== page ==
February 24, 2021
10 Ways to Redesign Your Student Experience Post-COVID
Affordable access. Engaging learning. Holistic student support. Diverse, inclusive communities. Equitable spaces. We believe that these are all within reach if colleges and universities can build on the changes you’ve made due to COVID, and redesign your student experience, considering your academic programs, student services, technology, facilities, and community.
Student experience is the composite of students’ activities and interactions with academic programs, student services, technology, spaces, and people, over time. Each of these interactions is a “touchpoint,” something to be designed.
Engaging, equitable student experience only happens by design.
In this post, we share 10 ways to redesign your student experience to emerge from this crisis stronger than before. With each, we’ve included both evidence and examples – we’re firm believers in science fiction author William Gibson’s observation that “The future is already here. It’s just not very evenly distributed.” These are drawn from our work helping nearly 100 colleges and universities improve the lives of more than a million students who’ve set foot in spaces, logged onto systems, used services, and worked with staff.
Our insights also reflect best practices gleaned from conversations with our student advisory board, our courses helping colleges and universities understand and improve their student experience, our whitepapers on how higher education is changing, our research on the student experience during the pandemic, tools like our Student Experience Canvas and Student Experience Roadmap, and roundtable discussions we’ve been facilitating with dozens of institutions.
1. Embrace experiential learning
Institutions should embrace hands-on, object-based experiential learning that is locally and globally relevant and builds skills and relationships. Study after study have shown the benefits of active learning, including a meta-analysis in the Proceedings of the National Academy of Sciences in which failure rates were reduced by half. Colleges and universities can better engage students with real-world projects that make an impact in flat, flexible learning spaces like in Carnegie Mellon’s Tepper School of Business.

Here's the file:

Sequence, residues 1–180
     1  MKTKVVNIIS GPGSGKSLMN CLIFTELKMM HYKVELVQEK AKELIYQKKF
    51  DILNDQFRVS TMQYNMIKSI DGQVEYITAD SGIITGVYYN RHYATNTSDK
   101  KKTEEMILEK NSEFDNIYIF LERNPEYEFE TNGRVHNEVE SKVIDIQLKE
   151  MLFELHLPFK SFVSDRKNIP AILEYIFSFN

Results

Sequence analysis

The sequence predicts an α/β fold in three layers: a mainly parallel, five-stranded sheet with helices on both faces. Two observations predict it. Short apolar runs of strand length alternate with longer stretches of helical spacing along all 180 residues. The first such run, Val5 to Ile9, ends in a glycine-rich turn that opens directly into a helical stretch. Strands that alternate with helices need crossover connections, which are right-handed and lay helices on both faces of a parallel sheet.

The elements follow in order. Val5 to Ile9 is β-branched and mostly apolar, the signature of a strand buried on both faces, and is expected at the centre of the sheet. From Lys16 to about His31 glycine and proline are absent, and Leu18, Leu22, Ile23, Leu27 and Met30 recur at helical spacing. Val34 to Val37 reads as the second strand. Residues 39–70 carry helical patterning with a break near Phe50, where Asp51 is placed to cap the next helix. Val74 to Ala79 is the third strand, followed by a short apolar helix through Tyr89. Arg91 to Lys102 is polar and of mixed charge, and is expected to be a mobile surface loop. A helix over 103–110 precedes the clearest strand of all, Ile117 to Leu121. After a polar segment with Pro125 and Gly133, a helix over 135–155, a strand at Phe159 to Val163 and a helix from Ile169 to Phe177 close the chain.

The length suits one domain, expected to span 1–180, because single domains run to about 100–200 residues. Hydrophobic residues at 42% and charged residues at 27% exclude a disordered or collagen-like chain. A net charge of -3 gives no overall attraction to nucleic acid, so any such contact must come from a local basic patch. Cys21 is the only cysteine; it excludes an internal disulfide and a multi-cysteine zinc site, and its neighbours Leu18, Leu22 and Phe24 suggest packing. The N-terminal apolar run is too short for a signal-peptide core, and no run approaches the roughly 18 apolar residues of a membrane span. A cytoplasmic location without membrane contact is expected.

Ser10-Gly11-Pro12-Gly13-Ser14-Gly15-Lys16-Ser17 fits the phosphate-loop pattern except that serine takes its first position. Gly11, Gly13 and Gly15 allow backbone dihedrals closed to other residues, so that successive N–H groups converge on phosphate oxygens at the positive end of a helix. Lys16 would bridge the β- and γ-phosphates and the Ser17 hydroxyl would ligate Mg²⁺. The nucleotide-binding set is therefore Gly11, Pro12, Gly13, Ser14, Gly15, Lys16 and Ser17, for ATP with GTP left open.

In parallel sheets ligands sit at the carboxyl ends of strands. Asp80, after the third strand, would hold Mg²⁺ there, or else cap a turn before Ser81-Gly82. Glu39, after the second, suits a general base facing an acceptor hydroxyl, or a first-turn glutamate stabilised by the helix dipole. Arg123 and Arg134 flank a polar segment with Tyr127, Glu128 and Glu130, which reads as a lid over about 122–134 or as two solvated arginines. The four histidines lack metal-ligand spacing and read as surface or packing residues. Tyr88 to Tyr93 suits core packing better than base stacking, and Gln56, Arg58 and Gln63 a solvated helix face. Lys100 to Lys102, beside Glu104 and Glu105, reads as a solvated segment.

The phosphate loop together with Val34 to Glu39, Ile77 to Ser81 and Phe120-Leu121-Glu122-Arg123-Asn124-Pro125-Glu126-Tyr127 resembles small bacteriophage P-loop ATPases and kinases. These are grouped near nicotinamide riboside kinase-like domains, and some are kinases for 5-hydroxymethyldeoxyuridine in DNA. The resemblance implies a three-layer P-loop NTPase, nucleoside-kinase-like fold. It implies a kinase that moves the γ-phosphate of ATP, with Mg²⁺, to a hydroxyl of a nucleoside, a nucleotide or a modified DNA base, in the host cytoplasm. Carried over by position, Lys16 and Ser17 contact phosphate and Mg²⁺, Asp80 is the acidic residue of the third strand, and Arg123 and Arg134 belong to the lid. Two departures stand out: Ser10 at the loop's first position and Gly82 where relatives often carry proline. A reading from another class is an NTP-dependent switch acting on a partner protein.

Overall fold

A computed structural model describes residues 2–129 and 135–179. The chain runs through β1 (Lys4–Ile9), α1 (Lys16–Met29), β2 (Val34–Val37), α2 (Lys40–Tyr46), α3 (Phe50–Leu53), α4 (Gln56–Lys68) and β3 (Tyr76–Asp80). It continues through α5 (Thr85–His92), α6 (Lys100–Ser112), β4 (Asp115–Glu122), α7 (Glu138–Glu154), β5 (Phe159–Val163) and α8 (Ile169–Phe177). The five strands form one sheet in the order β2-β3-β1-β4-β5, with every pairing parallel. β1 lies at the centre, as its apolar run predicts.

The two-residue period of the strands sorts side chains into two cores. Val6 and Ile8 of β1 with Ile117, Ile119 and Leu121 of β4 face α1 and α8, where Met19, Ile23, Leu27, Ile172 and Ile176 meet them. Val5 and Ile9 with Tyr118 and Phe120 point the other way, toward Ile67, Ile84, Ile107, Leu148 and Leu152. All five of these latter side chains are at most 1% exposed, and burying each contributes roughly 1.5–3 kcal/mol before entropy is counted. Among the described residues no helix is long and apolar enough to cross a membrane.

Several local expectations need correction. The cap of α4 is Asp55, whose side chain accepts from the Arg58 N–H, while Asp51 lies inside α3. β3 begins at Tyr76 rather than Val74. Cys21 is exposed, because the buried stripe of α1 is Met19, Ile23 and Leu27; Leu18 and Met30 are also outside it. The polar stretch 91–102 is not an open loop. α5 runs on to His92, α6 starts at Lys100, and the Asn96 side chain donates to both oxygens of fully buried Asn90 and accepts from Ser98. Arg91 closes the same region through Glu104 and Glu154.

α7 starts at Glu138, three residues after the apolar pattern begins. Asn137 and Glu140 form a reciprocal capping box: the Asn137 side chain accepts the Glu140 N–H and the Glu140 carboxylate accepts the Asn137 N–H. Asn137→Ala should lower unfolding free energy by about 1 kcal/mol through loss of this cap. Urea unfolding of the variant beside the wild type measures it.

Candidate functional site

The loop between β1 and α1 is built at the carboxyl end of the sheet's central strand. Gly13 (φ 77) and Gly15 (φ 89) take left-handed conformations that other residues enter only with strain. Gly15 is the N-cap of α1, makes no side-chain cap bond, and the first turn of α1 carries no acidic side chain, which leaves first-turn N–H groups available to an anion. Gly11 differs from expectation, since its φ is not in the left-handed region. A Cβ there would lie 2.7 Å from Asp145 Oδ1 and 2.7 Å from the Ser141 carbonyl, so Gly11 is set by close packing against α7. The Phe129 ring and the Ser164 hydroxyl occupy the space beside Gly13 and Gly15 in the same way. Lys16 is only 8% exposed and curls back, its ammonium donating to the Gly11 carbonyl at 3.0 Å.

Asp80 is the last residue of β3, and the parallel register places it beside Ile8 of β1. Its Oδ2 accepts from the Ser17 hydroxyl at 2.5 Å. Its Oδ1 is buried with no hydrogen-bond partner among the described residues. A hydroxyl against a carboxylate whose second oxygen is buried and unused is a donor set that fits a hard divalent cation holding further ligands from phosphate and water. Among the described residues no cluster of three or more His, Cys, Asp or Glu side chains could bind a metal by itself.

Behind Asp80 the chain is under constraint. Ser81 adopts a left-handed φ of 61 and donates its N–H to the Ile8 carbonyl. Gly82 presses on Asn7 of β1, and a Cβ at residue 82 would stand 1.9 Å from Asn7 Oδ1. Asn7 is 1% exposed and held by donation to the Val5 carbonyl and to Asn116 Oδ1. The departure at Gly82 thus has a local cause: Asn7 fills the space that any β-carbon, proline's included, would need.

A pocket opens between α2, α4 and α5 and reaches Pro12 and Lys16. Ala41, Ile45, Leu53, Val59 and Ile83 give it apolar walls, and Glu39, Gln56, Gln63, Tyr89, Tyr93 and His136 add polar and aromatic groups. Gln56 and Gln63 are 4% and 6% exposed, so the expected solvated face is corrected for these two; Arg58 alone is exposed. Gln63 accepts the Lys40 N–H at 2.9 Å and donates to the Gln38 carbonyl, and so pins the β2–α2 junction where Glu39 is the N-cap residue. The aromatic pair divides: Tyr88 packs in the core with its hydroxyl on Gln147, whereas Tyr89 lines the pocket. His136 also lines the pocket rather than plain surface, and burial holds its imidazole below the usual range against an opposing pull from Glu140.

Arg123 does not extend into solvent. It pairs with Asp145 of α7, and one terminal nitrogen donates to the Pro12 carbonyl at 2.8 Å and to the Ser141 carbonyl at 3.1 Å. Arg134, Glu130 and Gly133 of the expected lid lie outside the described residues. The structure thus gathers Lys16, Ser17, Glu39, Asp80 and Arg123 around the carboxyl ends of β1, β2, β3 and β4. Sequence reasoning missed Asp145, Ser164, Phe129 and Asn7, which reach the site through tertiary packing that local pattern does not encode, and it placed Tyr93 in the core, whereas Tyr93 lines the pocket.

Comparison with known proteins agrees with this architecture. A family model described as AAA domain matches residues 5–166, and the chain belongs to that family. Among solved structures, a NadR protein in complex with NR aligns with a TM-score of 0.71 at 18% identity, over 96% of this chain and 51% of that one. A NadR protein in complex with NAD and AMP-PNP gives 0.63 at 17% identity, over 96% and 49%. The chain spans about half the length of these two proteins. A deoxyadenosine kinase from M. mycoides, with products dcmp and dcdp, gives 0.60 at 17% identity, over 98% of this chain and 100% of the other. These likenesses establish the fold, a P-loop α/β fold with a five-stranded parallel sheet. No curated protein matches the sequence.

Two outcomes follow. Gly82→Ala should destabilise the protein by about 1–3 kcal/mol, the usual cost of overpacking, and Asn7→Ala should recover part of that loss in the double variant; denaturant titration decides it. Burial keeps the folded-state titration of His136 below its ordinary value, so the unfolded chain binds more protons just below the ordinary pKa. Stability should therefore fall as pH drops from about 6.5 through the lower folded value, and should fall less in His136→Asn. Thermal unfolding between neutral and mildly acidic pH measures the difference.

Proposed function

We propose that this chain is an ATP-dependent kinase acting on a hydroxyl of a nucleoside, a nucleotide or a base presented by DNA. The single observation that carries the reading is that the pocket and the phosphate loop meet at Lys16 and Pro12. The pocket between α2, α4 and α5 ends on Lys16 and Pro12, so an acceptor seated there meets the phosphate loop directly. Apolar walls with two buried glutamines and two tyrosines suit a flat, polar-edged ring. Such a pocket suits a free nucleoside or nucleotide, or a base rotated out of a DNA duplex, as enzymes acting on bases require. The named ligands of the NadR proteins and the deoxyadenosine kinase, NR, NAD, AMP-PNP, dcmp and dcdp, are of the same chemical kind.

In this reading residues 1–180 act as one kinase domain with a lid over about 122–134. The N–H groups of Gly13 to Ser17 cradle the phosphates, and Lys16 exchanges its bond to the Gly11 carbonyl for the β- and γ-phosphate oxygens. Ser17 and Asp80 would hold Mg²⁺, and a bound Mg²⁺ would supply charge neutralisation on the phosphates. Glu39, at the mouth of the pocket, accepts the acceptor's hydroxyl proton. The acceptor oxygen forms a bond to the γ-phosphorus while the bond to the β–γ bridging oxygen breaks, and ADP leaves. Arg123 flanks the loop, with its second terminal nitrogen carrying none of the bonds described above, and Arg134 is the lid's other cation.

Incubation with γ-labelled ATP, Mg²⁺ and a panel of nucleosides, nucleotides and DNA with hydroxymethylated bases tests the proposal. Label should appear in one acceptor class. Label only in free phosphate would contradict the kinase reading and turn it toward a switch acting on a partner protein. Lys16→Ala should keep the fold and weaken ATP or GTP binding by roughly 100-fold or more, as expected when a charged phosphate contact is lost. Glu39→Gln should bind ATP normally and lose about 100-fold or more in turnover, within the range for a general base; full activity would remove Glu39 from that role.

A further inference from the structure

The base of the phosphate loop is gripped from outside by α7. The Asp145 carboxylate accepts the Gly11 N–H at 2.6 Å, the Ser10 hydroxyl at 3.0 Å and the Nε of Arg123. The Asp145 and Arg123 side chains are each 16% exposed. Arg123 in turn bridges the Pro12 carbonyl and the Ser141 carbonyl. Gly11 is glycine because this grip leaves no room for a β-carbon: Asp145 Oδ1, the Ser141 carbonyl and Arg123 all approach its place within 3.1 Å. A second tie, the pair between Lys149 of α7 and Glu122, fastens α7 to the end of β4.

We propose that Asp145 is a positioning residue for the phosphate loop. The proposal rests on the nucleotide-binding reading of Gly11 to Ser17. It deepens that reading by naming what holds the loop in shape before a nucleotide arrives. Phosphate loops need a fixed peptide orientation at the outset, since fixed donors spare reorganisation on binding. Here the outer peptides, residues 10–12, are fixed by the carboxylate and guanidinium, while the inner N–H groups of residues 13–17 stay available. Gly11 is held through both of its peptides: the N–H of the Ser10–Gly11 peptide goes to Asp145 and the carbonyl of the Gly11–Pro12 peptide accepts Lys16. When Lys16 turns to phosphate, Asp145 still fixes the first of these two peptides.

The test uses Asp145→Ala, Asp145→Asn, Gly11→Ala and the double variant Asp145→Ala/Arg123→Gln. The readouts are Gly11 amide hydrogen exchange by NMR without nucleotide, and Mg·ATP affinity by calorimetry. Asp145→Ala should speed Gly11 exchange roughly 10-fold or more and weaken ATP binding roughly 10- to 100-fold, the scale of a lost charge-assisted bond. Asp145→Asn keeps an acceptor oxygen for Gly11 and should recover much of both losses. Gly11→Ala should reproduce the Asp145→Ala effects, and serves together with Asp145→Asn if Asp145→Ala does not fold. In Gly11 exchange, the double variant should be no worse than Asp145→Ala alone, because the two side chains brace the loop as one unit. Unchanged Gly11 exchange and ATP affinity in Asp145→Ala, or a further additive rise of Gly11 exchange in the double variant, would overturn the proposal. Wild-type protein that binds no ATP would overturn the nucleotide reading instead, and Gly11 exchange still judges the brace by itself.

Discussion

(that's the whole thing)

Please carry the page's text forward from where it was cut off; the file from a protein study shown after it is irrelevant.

2. Create flexible, applied programs
To attract and support today’s post-traditional learners, provide shorter, more flexible programs that attract a diverse student body, solve real-world problems, and make connections – on campus and online. Longitudinal research from Worcester Polytechnic Institute’s Center for Project-Based Learning found many positive impacts such as 86% of students working effectively on a team and 78% being an effective leader. One example: Claremont Lincoln University’s new innovative programs enable students to learn primarily asynchronously, take 1-2 courses at a time while working and pause as needed, all on a compressed schedule as they work on projects that make an impact.
3. Consolidate student services
Colleges and universities can end the student runaround by creating digital and physical service hubs that are more effective for the student and more efficient for the college. A Rand Corporation study of four community college systems found a 3% average increase in student retention by moving to an integrated model, with better outcomes for adult learners over the age of 25, and students of color. For example, Portland State University redesigned its student portal to bring together student services digitally and University of Virginia brought together advising services physically.
4. Program for inclusion
To foster community and belonging, institutions must be more intentional and proactive about programs and communications. In brightspot’s student surveys, only 53% of students are satisfied with their institutions creating a sense of belonging. We recently facilitated a roundtable discussion with student affairs leaders at eight institutions who all emphasized the value in small-scale personal connections, the need for more proactive curation of inclusive experiences, the need for accurate central online events portals, and to meet students where they are physically, digitally, and culturally.
5. Think “phygitally”